My pond...

There are formal and informal ponds. Obviously, mine is informal. It is located in a corner of the back yard, which is surrounded by a wooden privacy fence. We fenced off the sunniest corner of the yard with a striaight line of chain link fence with a gate, creating a triangle. This keeps the dogs out of the pond (except for the time Puppy, our oldest and smallest dog, snuck in. Shortly after this picture was taken, she leaned over and pulled a water lettuce out of the water.) A triangular corner of a yard makes a great place for a cresent shaped pond (or a triangular pond, if you want to get formal about it.)

The pond was created by digging a hole, covering the hole with pond liner, filling with water, and adding plants and fish. If you want to build your own pond, start by reading several books on the subject: books are available at the library, of course, as well as your local PetSmart or Home Depot; both places also sell material for building ponds, as well as fish and plants.

It is recommended that the pond be in a spot that gets at least six hours of sunlight a day, as water lilies need this much sun. A HINT: Before you decide how big you want your pond to be, check out what sizes of pond liner are available in your area. You do not want to end up splicing two pieces of pond liner together to cover the far corner of the pond. Not fun. Books recommend that the pond be about two thirds covered with plants. This does NOT mean go out and buy enough plants to cover two thirds of the pond - water plants tend to multiply and divide and calculate algebraic equations.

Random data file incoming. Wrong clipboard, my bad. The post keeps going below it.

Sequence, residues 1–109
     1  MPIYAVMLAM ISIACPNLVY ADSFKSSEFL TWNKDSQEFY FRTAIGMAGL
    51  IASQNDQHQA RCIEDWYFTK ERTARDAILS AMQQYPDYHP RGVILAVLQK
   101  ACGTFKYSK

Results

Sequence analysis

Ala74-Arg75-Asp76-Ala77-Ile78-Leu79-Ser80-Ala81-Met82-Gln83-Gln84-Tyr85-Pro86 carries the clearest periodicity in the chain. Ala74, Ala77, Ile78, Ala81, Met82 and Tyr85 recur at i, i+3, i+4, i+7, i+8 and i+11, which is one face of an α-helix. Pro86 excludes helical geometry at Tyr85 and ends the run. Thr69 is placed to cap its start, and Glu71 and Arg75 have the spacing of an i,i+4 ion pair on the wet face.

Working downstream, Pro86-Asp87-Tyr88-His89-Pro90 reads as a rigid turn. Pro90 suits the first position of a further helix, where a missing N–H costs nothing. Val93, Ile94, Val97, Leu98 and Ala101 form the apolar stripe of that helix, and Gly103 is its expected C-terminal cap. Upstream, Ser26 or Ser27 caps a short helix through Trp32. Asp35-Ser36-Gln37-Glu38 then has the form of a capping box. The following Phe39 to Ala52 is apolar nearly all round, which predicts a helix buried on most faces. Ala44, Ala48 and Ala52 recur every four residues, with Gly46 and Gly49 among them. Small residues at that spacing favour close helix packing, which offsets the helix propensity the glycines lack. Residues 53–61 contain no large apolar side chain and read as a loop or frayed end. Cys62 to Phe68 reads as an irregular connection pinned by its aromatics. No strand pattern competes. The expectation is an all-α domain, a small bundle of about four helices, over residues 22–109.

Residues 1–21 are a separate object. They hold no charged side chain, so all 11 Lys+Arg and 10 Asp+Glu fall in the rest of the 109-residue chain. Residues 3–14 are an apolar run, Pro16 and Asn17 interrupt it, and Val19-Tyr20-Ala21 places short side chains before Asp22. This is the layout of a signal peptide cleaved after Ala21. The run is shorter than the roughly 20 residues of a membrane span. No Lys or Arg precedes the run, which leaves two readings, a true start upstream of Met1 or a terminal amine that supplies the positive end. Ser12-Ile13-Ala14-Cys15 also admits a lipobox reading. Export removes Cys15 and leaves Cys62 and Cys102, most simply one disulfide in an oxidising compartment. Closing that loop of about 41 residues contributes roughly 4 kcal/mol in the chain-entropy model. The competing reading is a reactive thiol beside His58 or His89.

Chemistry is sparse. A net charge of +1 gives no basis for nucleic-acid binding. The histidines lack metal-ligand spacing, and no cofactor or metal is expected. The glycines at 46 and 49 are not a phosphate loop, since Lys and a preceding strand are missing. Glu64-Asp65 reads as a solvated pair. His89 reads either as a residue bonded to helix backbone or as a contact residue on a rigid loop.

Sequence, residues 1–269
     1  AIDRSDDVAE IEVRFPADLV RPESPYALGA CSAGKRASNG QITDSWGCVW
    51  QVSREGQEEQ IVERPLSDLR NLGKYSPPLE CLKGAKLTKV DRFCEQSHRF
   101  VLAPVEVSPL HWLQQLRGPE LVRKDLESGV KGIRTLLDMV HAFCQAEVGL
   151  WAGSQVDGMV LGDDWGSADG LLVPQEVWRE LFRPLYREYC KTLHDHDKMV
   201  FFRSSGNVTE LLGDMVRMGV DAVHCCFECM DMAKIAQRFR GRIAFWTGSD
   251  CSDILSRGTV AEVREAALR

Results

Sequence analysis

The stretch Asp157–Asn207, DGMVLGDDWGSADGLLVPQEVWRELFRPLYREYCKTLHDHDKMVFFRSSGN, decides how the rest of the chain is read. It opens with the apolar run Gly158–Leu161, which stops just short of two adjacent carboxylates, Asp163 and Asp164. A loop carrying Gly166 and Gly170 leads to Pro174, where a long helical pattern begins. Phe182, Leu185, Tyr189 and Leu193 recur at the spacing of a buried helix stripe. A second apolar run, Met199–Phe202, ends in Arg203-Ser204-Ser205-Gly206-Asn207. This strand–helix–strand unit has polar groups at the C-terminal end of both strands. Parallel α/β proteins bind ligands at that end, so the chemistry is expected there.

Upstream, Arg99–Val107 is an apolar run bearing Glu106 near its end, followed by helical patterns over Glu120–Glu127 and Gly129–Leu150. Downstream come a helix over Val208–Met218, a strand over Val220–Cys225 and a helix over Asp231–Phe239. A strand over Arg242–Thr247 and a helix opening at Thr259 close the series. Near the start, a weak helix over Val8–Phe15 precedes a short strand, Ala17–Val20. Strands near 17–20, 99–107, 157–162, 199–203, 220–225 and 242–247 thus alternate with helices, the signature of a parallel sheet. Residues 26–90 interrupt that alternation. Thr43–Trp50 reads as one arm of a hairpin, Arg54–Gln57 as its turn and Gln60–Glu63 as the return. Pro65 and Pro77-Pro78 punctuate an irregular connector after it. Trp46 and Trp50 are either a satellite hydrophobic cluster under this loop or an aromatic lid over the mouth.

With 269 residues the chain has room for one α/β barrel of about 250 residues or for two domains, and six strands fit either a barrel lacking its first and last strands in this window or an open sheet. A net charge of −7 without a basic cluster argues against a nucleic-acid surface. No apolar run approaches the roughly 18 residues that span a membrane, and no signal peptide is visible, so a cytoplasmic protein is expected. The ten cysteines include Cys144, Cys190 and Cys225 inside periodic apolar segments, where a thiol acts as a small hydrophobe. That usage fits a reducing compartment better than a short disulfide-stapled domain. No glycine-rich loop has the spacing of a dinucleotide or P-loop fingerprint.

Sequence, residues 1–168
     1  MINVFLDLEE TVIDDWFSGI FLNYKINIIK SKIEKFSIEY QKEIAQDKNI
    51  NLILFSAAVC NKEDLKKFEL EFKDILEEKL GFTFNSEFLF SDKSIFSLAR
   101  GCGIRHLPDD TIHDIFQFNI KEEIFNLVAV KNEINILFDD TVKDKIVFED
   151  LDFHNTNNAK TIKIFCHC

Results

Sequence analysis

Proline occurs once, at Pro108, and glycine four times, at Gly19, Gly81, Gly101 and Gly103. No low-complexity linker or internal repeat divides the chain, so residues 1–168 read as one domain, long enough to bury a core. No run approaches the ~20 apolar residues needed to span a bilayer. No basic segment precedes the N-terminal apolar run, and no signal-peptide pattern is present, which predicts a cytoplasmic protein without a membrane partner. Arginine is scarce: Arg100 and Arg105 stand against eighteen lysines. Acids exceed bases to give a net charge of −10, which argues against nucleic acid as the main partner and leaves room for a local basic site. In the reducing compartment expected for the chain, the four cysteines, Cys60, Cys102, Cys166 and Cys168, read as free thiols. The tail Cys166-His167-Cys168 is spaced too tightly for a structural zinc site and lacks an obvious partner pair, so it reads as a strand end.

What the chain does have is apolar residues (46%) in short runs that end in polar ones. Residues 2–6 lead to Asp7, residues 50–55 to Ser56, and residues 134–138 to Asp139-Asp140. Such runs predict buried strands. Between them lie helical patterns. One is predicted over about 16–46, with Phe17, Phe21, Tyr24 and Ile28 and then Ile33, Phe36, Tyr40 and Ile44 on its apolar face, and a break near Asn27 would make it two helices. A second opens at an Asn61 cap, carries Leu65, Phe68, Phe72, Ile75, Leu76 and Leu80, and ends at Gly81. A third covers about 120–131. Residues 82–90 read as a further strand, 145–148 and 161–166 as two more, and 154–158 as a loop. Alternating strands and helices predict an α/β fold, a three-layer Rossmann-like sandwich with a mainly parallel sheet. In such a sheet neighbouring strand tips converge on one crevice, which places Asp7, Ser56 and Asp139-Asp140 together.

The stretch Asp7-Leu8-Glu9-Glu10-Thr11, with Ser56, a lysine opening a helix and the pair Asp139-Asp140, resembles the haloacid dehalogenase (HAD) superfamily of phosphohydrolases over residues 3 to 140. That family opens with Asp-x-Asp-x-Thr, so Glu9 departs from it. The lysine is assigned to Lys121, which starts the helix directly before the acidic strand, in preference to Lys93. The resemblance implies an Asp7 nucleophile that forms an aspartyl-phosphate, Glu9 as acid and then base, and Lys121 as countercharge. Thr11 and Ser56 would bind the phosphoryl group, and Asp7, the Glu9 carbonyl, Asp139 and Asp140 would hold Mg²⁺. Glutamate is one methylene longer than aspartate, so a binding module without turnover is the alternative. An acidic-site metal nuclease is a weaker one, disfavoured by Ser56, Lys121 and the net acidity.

Fish do die, and pond scum is real.






In fact, I had quite a few fish die this year. Spring of 1998 was when I planned to add a pump and a waterfall. But I waited too long. The heat wave in early May must have disrupted the balance in the pond - I suspect lack of oxygen is what caused the fish to die. First the koi I had just bought died. A few days later, fish that I had had for a long time (some for about two years) started to die off. They are all missed, but we were all really attached to Big Mouth, a large orange koi. He was exactly a foot long.








Since then, I have added two pumps and a waterfall. I am still working on the waterfall - water is supposed to splash down the rocks and back INTO the pond, not splash down the rocks to the side of the pond. Due to the heat and waterfall mistakes, I have had to add water on a regular basis. But I have achieved the objective of having much cleaner water. I have added some koi, who are doing well. I have also added bullfrog tadpoles, and I have noticed a lot of small frogs swimming around.














This is a Japanese Iris, which is a partly submerged plant, as opposed to a completely submerged plant like a water lily. To the right is one of our little frogs enjoying the pond.





This page is dedicated to the memory of Gamera the turtle, a red-eared pond slider who loved his pond very much when the weather was warm, but did not survive his first winter.

Mr. Frog is another casuality, but not of the weather. He (she?) was a great addition to the pond. I bought two big, fat tadpoles, and one tadpole grew to be a big, fat frog. He was great fun, and made beautiful music. Unfortunately, in late July of 1997 he left the pond area, probably in search of froggie companionship. About a week later, I heard that one of my neighbors had spotted a large green frog that had not made it across the street. I am sure this was my Mr. Frog.



Pond Scum Links:


Some people are a lot more serious about this pond stuff than I am. Here's some links to some great pond pages. Lots of great pictures.
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